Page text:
11 November 2016 Congratulations to New ICFO PhD graduate

Anshuman Singh

Thesis Committee

Dr. Anshuman Singh graduated with a thesis in ‘Optical Nanoantennas as Cavities: Nanoscale Control of Coupling Strength and Single Photon Emission’ Dr. Anshuman Singh received his master degree in Photonics from Friedrich-Schiller-University Jena in Germany before joining the Molecular Nanophotonics research group led by ICREA Prof. at ICFO Niek van Hulst. At ICFO, he centered his doctoral work on probing light propagation, field enhancement in nanoantennas in order to achieve controlled nanoscale interaction of a single molecule with a resonant nanoantenna. Dr. Anshuman Singh’s thesis, entitled ‘Optical Nanoantennas as Cavities: Nanoscale Control of Coupling Strength and Single Photon Emission’ has been supervised by ICREA Prof. at ICFO Niek van Hulst.


Optical nanoantennas confine light on the nanoscale, enabling strong light-matter interactions with potential for ultra-compact optical devices. Apart from the direct applications in optical nanoscopy and sensing, nanoantennas can strongly enhance the spontaneous emission rate of single photon emitters. A nanoantenna, acting as a nanocavity, enables high photon output due to its high radiative losses associated with plasmonic resonances and thus pave the way for compact, bright, and pure single photon sources with applications in quantum technologies. The sub-wavelength field localization at the nanoantenna causes a vectorial field distribution with non-zero field components in all dimensions. The efficiency of coupling between an emitter such as single molecule and nanoantenna will thus strongly depend on the spatial overlap of the emitter\\\'s dipole with the nanoantenna field. In order to achieve such coupling, careful nanopositioning of the emitter, in its location as well as the orientation, within the nanocavity field is required. Therefore, the full vectorial characterization of the emitter-nanoantenna is crucial to maximize the coupling strength. This thesis addresses the aforementioned issues and studies the controlled nanoscale interaction of a single molecule with a resonant nanoantenna.

To this end we first fabricate nanoantennas on the vertex of a fiber tip using focused-ion-beam milling and use a near-field technique for the nanopositioning control. In the first experiment, we investigate the excitation properties of a resonant dipole nanoantenna by mapping its vectorial near-field distribution with molecular resolution. The nanoantenna tip is scanned over specifically selected single molecules to map x-, y-, and z-field components. In addition to characterization of the vectorial field, we show the apparent position of the molecule shifts up to 20 nm depending on their orientation with important implications for localization microscopy. Next, our unprecedented experimental approach allows us to examine an often overlooked, but important near-field concept of nanoantennas, local interference. The highly structured vectorial amplitude and phase distribution of the nanoantenna overlaps with the exciting far-field to create this local interference. We perform a detailed study through direct observation and show an example of exploiting this local interference to shape and control the near-field of the nanoantenna.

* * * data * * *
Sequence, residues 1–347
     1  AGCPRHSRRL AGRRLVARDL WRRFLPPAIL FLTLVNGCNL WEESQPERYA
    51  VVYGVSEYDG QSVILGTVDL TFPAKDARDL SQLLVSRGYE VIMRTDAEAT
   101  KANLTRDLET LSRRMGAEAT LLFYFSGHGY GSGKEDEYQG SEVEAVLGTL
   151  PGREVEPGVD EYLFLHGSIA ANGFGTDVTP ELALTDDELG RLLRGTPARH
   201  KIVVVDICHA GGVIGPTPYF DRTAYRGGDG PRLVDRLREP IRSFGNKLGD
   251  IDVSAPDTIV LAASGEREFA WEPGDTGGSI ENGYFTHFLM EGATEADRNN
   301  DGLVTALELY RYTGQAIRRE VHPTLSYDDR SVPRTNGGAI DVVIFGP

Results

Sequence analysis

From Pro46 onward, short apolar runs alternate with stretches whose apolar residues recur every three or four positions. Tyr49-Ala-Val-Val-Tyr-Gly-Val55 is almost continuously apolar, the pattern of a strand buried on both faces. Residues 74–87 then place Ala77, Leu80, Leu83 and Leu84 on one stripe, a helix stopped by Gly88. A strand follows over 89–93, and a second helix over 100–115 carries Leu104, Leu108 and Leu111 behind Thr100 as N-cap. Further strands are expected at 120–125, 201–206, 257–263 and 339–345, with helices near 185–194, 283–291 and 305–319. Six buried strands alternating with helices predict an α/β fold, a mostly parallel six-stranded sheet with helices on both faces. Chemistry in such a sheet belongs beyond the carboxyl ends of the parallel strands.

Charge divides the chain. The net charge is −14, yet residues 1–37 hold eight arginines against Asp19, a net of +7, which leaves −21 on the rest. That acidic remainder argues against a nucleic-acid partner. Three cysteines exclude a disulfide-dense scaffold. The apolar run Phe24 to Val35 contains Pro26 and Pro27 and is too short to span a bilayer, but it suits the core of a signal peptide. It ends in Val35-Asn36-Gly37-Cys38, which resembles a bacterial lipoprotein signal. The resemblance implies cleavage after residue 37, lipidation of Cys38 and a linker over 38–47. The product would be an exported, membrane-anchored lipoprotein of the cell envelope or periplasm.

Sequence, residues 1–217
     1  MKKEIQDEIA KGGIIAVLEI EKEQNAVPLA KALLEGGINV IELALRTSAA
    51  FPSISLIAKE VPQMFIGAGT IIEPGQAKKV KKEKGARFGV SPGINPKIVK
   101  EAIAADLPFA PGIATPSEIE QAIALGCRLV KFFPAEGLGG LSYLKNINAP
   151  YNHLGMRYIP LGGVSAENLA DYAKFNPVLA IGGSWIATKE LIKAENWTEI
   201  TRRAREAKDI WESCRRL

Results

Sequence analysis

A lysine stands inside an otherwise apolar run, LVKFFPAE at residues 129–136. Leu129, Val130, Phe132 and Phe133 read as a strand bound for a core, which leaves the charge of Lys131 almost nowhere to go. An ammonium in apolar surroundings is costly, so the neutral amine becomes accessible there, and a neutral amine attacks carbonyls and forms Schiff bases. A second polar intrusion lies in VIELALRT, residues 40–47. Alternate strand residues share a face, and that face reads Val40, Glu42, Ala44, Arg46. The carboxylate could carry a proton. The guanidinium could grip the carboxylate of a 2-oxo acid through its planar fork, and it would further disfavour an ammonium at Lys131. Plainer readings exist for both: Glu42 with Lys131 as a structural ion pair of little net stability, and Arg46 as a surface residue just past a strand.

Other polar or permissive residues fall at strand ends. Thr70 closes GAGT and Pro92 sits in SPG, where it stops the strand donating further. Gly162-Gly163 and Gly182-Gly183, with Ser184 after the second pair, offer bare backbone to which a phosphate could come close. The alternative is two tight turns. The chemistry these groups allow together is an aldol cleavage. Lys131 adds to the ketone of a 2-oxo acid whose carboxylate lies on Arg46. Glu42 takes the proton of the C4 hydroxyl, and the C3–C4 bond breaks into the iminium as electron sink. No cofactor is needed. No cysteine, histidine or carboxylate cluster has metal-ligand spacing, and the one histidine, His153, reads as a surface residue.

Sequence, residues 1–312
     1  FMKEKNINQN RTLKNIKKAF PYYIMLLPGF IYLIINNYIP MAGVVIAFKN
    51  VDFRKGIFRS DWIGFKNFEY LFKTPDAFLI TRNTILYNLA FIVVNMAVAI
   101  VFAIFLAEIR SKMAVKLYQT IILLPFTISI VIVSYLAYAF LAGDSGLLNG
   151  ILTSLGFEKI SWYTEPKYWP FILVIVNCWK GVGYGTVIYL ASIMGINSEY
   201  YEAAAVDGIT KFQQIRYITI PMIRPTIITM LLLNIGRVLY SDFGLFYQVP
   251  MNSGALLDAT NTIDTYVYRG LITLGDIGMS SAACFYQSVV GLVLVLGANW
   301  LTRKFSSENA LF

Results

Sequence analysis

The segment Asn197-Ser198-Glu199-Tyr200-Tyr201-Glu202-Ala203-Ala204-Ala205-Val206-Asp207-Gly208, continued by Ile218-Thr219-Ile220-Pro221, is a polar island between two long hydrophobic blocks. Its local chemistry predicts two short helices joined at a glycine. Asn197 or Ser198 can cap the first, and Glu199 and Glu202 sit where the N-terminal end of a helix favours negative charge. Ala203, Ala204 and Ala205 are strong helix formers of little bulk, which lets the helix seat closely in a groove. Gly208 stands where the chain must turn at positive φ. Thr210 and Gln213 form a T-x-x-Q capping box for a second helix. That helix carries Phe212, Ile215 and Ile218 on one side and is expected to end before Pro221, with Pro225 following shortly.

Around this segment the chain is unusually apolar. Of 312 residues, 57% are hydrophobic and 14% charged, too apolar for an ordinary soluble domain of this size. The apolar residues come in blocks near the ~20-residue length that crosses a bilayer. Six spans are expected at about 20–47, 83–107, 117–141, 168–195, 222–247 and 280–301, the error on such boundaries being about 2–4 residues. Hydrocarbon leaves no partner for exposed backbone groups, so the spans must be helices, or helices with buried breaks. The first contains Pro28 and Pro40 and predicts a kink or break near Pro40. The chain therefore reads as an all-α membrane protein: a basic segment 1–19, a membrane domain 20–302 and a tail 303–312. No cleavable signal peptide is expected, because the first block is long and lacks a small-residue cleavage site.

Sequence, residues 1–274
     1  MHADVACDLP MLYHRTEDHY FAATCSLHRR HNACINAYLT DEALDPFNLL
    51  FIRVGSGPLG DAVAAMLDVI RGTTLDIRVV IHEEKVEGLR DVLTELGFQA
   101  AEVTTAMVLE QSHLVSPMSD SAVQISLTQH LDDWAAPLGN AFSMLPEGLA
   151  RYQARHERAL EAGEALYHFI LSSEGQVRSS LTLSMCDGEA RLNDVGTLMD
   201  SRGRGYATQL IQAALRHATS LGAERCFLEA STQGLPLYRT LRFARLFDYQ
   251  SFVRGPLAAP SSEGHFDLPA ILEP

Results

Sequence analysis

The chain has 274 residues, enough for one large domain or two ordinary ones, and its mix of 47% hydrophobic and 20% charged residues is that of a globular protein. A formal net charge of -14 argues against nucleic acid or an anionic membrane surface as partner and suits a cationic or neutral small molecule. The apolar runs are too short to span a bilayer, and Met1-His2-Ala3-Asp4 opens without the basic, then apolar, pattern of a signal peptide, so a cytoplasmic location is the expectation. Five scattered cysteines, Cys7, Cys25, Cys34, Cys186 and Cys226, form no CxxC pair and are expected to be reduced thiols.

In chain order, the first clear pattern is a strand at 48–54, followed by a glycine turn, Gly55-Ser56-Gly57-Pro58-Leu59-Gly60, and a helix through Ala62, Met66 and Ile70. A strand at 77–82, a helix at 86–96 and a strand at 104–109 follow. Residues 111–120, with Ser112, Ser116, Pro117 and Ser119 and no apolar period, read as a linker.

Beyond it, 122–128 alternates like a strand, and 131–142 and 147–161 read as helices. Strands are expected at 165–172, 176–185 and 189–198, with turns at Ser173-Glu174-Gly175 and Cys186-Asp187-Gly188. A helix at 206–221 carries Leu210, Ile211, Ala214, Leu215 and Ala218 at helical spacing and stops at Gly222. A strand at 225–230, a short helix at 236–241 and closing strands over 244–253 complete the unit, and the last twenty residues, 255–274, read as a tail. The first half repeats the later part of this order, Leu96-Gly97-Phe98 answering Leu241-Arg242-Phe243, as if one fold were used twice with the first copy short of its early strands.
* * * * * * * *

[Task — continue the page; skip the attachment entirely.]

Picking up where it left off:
Lastly, we quantify the vectorial interaction of a molecule-nanoantenna cavity system by mapping the coupling strength g with 5 nm spatial resolution. We show that for a molecule\'s optimal position at the nanoantenna, the coupling rate reaches up to g_max= 206 GHz, much higher than for any conventional cavities. Such a large coupling provides ideal conditions for fast and pure non-classical photon emission, enabling a single photon source with an emission rate above 1 GHz at room-temperature

Thesis Committee

Prof Femius Koenderink, Institute AMOLF
Prof Javier Garcia de Abajo, ICFO
Prof MARIO AGIO, University of Siegen